[MW] Apparently, David “despises almost everything” I do or say and resorted to an expletive to describe his opinion of me. I’m honestly surprised by his reaction as I believe I try to provide balanced information relevant to audiophiles and the topics at hand. Sure I’m interested in exposing audiophiles to my recordings and my book but I my livelihood doesn’t depend on books sales or income from the 100 or so albums I’ve engineered and produced. I believe that informed audiophiles can save money, get better sound, and avoid falling for the hype that comes with this hobby.
What was very surprising was the response from the Admin of the site. He wrote the following:
[FK] Sorry Mark Waldrep – I am with David Solomon on this. You have constantly self-promoted for your book, and your A/B test is so hopelessly flawed that it proves absolutely nothing. I was hoping you’d take the hint that you are tilting at the windmills.
Getting to the “fidelity that was locked in at the time of the recording” is a complex task with vintage recordings and has been the holy grail all along. Sampling hardware and technicians in the last 5 years seem to have finally gotten to a point where we are not just able to get the best possible reproduction, we are also able to get entire new mixes and amazing 5.1 versions that sound better than ever before. If those are sampled and mixed at 24/96 then preserve it, and move the industry towards the new normal so prices can also normalize. Labels can downsample for CD and streaming and allow people the choice of which version to get. That is the tide that lifts all boats. The guys and gals on this forum that really know what they are talking about are just sitting back and grimacing, while the newbies are just getting more confused by your auto-repeat attacks.
Documented provenance is a much more important topic.
Hopefully, the knowledgeable members of this FB group know the difference between facts and marketing speak.
Qobuz, other streaming companies, and all small digital music retailers are under a lot of pressure because of the entry of Apple and Amazon into the streaming business. It’s not hard to see why they reduced their prices to match the subscription rate of Amazon. Competing with Amazon is a lost cause. I would encourage people to continue to support Qobuz and HDtracks instead of Amazon.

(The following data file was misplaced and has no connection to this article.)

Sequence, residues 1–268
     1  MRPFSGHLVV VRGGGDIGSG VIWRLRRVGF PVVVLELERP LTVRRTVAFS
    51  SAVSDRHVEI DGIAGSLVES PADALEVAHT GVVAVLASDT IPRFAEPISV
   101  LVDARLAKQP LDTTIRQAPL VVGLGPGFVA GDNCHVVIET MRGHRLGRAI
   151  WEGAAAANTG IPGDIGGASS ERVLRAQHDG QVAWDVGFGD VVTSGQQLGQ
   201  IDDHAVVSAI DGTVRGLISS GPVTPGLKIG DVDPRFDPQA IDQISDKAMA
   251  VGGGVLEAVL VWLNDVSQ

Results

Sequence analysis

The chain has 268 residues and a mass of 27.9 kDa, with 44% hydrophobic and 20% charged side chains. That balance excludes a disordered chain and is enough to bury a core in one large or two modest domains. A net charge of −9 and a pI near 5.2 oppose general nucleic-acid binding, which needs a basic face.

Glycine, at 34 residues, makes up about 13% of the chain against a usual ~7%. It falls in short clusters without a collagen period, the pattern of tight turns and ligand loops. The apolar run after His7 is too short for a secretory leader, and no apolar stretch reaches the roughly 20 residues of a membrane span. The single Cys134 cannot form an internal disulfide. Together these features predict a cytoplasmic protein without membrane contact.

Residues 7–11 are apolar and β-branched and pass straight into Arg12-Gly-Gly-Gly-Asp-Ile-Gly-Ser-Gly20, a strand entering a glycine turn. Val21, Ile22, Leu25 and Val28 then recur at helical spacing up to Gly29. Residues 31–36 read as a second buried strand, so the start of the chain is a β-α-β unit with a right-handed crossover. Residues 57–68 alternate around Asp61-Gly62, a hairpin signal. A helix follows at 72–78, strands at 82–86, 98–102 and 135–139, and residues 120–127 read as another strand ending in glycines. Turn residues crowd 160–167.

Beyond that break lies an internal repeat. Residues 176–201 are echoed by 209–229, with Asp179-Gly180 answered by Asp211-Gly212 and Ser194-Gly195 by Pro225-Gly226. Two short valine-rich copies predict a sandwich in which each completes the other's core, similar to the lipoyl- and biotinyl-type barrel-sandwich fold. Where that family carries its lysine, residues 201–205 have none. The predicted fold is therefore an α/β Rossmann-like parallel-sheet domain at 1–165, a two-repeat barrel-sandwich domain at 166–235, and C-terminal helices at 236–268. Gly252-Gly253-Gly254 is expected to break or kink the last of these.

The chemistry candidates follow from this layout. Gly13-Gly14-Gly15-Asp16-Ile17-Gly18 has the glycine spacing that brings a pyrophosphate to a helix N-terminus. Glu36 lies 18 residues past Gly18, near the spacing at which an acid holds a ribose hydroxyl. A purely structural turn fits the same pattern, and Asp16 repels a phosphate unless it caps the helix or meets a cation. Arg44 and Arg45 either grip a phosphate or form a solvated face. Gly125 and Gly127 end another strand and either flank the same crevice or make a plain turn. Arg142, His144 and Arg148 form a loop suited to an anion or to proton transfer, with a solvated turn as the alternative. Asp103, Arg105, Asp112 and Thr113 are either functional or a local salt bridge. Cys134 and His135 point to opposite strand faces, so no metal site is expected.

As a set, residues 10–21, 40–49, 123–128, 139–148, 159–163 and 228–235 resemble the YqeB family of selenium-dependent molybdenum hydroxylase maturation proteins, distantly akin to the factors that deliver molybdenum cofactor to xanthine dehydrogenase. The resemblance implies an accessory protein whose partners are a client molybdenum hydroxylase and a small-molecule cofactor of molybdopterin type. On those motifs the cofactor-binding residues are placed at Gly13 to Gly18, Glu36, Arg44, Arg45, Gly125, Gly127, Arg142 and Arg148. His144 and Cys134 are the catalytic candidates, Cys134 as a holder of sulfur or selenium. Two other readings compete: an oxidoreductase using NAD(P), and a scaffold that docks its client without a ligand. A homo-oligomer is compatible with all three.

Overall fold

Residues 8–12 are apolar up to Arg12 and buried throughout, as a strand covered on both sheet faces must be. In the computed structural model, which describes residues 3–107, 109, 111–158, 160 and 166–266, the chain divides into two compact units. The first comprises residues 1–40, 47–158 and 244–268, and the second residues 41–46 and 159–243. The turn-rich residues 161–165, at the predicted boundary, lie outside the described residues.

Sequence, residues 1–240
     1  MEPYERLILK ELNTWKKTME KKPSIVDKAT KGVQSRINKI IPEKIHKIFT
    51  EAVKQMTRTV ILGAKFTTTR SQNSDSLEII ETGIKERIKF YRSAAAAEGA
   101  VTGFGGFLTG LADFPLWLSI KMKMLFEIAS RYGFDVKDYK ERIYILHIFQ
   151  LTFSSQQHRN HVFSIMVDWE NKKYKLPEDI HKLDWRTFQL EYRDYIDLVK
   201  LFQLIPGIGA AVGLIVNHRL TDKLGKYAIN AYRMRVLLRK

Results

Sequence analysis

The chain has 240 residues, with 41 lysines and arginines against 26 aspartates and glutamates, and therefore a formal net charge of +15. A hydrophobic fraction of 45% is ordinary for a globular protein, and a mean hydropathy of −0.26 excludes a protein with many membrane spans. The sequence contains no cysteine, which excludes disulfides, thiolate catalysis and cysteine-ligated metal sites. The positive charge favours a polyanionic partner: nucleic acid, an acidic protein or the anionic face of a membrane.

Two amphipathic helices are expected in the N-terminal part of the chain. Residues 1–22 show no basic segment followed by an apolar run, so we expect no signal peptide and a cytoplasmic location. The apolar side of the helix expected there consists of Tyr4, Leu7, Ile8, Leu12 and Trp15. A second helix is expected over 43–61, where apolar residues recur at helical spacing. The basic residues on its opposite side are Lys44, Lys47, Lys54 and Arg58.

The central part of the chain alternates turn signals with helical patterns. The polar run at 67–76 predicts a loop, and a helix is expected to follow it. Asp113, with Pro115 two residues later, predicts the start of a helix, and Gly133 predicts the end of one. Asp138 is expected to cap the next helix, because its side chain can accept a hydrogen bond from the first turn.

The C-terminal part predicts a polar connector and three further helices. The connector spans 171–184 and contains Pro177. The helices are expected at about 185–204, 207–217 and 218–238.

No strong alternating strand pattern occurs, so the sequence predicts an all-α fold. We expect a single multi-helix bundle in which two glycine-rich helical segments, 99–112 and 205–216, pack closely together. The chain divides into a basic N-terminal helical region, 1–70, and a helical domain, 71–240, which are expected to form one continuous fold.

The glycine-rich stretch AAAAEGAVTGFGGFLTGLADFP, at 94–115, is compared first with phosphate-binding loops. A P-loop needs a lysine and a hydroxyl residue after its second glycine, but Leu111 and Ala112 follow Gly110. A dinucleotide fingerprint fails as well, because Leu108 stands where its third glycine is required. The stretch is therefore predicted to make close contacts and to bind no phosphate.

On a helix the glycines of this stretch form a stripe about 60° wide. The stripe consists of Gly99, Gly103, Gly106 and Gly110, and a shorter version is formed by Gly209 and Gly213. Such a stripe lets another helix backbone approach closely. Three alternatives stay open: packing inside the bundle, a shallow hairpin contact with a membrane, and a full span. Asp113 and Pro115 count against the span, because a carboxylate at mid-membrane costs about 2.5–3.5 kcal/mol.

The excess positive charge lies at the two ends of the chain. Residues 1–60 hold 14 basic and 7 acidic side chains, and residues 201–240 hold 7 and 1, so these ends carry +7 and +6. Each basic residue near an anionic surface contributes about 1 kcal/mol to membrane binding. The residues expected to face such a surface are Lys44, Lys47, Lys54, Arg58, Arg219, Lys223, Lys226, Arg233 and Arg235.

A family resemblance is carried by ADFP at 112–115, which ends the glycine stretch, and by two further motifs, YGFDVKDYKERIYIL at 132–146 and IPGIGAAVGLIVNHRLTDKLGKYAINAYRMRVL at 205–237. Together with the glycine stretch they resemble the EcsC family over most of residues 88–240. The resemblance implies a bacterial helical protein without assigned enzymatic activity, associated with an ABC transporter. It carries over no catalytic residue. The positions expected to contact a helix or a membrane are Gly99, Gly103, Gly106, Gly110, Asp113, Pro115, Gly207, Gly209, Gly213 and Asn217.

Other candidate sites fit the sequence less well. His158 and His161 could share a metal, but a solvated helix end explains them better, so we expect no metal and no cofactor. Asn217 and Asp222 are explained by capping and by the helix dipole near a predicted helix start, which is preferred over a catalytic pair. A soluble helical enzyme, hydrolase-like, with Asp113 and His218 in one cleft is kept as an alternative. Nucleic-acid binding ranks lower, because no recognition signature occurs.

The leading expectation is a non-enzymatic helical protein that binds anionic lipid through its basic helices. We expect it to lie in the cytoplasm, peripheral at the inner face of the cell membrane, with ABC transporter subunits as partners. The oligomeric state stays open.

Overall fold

In reality, all companies involved in streaming or downloading music are at the mercy of those providing the music — the big labels. They simply pass along and market the music they are given. Now that we have moved past compressed formats like MP3 and have established Redbook quality as the norm for streaming, the factors that will determine market winners and loser will be things like integrity, customer service, user experience, size of catalog, ease of use, and ultimately value.
It is my firm belief that we should really forget about hi-res audio and focus on maximizing the quality of the transfers to digital (getting the best analog tape to PCM digital masters), advocate for less audio compression, and insist that the artists/engineers/producers and labels release better sounding recordings.
And David, I am sincerely sorry if my posts were perceived as insults. They were not meant as such.
HD-Audio Challenge II Continues
Almost 500 individuals have signed up for the HD-Audio Challenge II. If you’re interested in participating, please sign up below or visit the original launch page. I’ll be writing more in a few day about how to listen and compare the files in the study. Stay tuned.
Holiday Sale on the Book and AIX Records Continues
Discounts have been extended until the end of November for the all AIX Records releases and the Music and Audio: A User Guide to Better Sound. Use COUPON CODE AIX191101 for 25% off all AIX Recording and MAAG191016 for 50% off the paperback version of the book. The holidays are fast approaching…shop now for the perfect audiophile gift.
Following the success at the audio trade shows in DC and NYC, quantities of the book are limited. Make sure you get your copy in time for the holidays.
Thanks as always and Happy Holidays!